And now, news from Munich, DE. We had our first snow on Saturday night. No real accumulation. We had an early dinner, then we went to an organ concert at Saint Peter’s Church near Marienplatz. When we came outside, huge flakes were falling. We walked across Marienplatz and went up to the Café Glockenspiel and watched the snow fall as we had dessert. It was beautiful.

The Christbaum on Marienplatz isn’t very healthy. It had a very dry summer that weakened it. It will be hard for it to make it through Christmas. The needles are falling off.

 

 Posted by at 2:15 am

If you liked last week, you’re going to like the rest of the month.

 Climate, Models, Northern Arizona Weather, Outlooks  Comments Off on If you liked last week, you’re going to like the rest of the month.
Oct 102015
 

It’s been a while since my last post. This is all thanks to Apple. I bought a new laptop because using my big MAC in Germany isn’t practical anymore. We just don’t have the room for it. After a week of using the new laptop, the arrow keys broke. The first chance I had, I took it to the Apple Store to have it replaced or fixed. They wanted to fix it, but the part would take some time. I could still use the computer, but not easily. Then I took it back when the part came in. They said I would receive a message in 3-5 days. After a week I called. They told me it would be another week before they got to it. Sheesh. I feel like just gave Apple a loan of over a thousand bucks for a month! This is not Steve Jobs’ Apple!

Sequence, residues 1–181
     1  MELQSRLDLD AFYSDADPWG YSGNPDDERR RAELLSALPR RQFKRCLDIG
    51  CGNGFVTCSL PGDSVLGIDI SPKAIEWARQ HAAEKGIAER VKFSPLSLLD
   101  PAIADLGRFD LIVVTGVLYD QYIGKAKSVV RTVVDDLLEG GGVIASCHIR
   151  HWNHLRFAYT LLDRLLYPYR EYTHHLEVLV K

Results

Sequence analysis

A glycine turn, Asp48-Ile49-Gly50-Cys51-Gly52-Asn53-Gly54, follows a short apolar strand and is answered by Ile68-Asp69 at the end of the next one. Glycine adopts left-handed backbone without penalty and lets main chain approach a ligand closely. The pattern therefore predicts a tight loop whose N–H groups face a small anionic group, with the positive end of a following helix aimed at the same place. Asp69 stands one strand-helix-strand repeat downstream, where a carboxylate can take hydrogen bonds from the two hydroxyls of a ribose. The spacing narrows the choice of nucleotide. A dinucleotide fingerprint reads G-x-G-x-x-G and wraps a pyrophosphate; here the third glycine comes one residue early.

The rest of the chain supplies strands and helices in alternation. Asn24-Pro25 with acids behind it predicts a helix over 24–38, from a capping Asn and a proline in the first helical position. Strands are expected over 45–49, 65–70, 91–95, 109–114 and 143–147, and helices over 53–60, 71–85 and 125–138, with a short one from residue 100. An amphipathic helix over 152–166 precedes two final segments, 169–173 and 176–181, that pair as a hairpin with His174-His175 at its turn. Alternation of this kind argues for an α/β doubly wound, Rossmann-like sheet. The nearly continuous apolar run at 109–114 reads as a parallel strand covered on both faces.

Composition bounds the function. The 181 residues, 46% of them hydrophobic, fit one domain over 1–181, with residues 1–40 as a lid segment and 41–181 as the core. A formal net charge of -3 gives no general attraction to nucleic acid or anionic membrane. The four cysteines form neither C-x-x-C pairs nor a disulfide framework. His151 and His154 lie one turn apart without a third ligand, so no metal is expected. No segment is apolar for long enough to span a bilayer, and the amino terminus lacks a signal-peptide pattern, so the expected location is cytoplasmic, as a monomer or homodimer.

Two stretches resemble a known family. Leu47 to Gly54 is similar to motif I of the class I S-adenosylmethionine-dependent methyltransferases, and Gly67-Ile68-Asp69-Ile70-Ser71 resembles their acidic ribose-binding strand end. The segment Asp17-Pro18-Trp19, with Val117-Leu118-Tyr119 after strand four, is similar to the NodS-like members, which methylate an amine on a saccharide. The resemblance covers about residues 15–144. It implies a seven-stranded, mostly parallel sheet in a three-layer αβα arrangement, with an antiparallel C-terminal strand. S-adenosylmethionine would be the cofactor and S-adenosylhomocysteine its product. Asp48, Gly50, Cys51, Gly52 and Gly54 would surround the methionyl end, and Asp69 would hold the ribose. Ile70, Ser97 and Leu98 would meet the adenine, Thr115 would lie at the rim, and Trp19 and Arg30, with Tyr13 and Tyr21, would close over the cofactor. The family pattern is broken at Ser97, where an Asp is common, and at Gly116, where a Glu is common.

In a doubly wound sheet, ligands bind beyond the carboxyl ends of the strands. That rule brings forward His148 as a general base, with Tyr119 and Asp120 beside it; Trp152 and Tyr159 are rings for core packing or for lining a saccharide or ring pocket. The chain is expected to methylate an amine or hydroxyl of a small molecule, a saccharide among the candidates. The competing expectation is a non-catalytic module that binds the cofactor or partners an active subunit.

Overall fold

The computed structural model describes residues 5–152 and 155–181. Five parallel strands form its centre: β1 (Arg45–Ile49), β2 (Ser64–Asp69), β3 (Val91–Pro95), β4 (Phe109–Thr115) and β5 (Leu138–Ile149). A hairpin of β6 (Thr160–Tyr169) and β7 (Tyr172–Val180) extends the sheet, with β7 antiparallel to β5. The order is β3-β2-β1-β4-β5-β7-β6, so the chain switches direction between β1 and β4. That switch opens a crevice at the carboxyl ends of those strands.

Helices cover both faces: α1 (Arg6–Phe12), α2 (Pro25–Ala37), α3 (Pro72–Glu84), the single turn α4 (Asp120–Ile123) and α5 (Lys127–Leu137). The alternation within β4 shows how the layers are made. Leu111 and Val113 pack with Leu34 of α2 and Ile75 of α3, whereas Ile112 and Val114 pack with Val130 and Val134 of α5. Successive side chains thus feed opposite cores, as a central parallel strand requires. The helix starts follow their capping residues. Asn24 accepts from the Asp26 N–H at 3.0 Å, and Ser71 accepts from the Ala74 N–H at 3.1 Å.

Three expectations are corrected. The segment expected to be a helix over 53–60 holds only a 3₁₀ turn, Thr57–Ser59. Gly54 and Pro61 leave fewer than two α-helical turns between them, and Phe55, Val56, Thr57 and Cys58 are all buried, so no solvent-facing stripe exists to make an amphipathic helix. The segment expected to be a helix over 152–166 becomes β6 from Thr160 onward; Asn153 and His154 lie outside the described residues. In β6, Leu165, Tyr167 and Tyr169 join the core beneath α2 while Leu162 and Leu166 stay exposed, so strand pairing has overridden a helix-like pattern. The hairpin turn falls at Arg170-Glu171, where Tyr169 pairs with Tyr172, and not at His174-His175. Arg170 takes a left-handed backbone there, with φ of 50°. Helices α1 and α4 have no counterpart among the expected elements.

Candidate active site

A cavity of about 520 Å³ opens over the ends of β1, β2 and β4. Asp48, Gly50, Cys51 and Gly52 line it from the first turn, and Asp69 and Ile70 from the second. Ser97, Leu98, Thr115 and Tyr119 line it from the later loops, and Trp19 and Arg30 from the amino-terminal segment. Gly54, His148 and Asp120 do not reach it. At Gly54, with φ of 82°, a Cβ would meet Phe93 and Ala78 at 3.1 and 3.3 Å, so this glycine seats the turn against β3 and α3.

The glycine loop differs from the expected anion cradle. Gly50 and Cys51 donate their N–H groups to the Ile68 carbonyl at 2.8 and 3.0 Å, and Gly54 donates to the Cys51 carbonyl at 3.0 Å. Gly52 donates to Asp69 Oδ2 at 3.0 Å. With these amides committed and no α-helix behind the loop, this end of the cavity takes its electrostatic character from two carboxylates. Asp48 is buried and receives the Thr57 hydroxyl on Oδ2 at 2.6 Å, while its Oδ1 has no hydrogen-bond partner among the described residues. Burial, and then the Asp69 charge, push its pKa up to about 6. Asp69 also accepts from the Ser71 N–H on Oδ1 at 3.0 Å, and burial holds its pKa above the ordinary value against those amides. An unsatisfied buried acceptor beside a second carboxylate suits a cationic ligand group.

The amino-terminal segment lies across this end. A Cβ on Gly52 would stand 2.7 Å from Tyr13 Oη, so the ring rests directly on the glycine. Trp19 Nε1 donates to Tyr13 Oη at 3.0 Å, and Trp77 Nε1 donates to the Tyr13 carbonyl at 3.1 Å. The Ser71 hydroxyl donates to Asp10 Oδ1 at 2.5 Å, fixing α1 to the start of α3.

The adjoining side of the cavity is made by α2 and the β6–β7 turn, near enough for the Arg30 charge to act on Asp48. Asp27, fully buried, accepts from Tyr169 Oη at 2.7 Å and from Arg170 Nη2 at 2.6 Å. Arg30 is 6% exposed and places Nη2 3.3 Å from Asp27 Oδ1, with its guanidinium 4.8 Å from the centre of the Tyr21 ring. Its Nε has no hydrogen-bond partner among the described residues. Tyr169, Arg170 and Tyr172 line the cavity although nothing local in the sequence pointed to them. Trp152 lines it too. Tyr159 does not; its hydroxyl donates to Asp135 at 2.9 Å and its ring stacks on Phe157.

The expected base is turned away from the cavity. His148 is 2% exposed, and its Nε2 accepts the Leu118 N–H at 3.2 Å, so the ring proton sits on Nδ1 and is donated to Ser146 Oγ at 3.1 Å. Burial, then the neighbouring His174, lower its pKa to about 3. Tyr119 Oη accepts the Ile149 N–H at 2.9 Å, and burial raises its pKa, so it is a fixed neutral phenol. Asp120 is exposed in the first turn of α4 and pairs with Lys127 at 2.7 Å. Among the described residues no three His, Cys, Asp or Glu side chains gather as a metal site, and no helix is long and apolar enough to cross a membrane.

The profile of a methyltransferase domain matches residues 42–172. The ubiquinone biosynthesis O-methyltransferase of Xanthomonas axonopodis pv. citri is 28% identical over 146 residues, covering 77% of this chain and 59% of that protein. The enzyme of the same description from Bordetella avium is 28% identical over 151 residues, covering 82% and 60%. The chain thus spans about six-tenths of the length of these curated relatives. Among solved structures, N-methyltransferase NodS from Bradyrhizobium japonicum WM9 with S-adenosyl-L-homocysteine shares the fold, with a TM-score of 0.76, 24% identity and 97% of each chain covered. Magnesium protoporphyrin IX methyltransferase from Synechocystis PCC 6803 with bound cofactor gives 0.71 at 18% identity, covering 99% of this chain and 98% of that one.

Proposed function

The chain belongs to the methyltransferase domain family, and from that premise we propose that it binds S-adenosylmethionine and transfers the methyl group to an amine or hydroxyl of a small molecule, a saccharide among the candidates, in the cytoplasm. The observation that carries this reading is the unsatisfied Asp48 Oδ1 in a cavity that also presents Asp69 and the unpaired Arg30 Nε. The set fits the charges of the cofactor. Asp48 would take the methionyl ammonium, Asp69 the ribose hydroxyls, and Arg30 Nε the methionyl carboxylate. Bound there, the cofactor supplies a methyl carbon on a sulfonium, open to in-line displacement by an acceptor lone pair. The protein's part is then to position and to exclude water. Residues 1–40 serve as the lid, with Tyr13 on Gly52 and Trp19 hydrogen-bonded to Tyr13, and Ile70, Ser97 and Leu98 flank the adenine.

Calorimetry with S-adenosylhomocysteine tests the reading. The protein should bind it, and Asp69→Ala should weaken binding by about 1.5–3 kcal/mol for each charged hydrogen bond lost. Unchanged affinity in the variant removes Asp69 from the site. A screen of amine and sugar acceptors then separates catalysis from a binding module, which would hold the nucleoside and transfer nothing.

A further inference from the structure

Deep cleansing breath in…and out.

So, I missed blogging about the rain last week. With the airport receiving 1.27 inches of rain, Flagstaff is well on its way to an above average rainfall month. The average October precipitation in Flagstaff since 1950 is 1.54 inches. With the outlooks for the next few weeks, we should easily surpass the average.

I’ve taken the current 6-10 day, 8-14 day, 3-4 week, 1 month and 3 month outlooks and made an animated gif. This is below.Most of Arizona is comfortably inside the above normal chances for above average rainfall for all time periods.  El Nino and the disappearance of the Ridiculously Resilient Ridge are driving this. I wonder when the first big snow will show up. It could be this month.

Also, the North Atlantic is colder than normal. This can also mean a wetter than normal winter. I plan to do some more on this topic when I get my laptop back. The spreadsheets are on the laptop.

Animated gif of 6-10 day, 8-14 day, 3-4 week, 1 month and 3 month precipitation outlooks from the Climate Prediction Center.

Animated gif of 6-10 day, 8-14 day, 3-4 week, 1 month and 3 month precipitation outlooks from the Climate Prediction Center.

 Posted by at 12:29 am